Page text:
by Joyce Carol Oates

Page 6

This is in response to Titian's great painting "Narsyas Flayed by Apollo," believed to have been executed between 1570 and the year of Titian's death 1576. The painting, as surely many of you know, is a masterpiece of detail held in a kind of narrative suspension: a hallucinatory work that takes on, by way of the painter's painterly skill, a terrifying domestic inevitability. I wanted this air of casualness for my poem but I wanted very little detail, the merest glimmer of narrative, no figurative language. The poem is in a sense sheerly a formal choice because, before I began thinking about specific words, I had the poem's structure firmly in mind: everything condensed into a stanza of about six or seven lines followed by a short mock- question. The form is a broken or dismantled Shakespearean sonnet but it relates to a genuine Shakespearean sonnet only tangentially; one might say poetically. The poem is about technique--this icy, inhuman precision, its curiously optimistic zeal--and is technique, with nothing human remaining.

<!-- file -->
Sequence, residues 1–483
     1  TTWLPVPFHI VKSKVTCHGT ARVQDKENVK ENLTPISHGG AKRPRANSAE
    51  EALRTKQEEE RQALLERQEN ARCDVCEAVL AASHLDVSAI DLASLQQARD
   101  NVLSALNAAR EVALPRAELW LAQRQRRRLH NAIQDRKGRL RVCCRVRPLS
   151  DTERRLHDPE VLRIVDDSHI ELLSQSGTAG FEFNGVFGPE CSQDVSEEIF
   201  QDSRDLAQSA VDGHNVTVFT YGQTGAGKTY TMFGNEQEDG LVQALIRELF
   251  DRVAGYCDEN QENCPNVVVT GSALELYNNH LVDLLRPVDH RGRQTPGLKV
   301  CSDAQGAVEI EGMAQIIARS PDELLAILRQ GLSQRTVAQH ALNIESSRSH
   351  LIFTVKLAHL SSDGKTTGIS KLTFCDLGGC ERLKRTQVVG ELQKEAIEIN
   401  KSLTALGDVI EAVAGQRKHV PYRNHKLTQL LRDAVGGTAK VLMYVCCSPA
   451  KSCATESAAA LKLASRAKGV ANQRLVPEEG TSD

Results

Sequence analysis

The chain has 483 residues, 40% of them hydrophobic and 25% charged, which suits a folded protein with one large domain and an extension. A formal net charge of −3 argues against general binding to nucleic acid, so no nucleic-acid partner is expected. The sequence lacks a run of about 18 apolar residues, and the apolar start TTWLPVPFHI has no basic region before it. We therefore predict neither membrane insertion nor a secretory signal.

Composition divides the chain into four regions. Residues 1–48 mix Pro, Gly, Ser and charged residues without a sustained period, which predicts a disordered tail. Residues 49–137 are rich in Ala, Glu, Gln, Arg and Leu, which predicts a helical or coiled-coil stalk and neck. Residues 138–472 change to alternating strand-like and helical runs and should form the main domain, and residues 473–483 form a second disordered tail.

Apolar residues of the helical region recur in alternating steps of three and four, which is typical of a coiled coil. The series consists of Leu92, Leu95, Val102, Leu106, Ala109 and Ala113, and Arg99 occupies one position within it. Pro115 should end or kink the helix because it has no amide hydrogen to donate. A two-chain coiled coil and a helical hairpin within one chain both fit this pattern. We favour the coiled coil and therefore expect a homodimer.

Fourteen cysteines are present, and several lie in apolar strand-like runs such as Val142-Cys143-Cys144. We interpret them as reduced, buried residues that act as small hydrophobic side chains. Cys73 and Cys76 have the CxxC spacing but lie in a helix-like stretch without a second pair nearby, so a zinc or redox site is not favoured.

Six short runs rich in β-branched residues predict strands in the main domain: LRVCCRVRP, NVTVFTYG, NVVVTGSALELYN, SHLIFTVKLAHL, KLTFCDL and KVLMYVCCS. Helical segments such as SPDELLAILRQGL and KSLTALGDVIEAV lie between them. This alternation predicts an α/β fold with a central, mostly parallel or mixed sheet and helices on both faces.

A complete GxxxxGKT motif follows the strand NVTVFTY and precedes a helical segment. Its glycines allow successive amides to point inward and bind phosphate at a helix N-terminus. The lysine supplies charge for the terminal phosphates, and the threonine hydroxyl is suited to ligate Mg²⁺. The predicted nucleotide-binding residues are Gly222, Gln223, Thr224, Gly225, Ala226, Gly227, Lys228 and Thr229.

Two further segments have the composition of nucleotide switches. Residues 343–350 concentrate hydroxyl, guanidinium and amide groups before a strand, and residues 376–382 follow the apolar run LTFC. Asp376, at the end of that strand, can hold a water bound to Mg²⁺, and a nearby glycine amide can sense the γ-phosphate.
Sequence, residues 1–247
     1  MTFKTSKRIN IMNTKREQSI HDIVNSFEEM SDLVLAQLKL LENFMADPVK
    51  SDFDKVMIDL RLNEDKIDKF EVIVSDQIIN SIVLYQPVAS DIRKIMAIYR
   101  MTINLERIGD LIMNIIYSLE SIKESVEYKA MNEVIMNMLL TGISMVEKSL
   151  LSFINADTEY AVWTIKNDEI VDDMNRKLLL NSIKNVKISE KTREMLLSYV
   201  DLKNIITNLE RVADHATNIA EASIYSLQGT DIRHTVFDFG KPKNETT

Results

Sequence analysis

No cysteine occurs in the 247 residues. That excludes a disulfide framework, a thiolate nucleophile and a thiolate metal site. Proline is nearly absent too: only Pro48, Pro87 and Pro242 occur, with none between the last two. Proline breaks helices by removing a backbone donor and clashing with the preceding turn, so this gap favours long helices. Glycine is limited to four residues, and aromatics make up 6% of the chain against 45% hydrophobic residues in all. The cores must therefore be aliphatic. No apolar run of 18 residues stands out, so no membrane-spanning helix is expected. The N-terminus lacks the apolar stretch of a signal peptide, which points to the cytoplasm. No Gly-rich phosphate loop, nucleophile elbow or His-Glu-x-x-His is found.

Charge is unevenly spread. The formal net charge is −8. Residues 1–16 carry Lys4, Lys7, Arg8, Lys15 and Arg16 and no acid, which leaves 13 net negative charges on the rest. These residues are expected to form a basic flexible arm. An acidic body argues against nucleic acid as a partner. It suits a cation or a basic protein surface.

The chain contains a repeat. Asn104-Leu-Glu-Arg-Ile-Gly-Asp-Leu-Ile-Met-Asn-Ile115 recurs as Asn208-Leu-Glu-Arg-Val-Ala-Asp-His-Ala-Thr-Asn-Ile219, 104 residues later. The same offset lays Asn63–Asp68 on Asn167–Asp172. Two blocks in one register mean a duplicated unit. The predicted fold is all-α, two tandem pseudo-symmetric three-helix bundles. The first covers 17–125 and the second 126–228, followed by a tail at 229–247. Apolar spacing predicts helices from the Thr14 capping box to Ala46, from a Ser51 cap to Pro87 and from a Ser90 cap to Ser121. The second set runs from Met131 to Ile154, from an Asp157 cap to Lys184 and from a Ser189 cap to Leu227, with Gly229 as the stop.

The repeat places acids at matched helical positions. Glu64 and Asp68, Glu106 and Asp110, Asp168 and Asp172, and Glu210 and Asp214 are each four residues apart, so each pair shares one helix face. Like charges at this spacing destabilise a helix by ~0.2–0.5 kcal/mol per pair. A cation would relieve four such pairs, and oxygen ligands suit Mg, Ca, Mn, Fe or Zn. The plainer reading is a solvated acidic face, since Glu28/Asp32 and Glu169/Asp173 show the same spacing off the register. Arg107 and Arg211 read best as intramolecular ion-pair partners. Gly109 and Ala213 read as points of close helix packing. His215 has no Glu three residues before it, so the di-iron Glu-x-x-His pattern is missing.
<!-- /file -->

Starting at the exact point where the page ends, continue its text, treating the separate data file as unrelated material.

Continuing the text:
In this late, great oil by Titian the satyr
Narsyas is being flayed alive, hanging upside-
down from a tree. What technique is required
we have to guess, skinning a fellow creature alive,
what surgical precision, patience, craftsmanly
pride--the usual secrets
of someone's trade.

Does it require practice, or can it
be done properly the first time?

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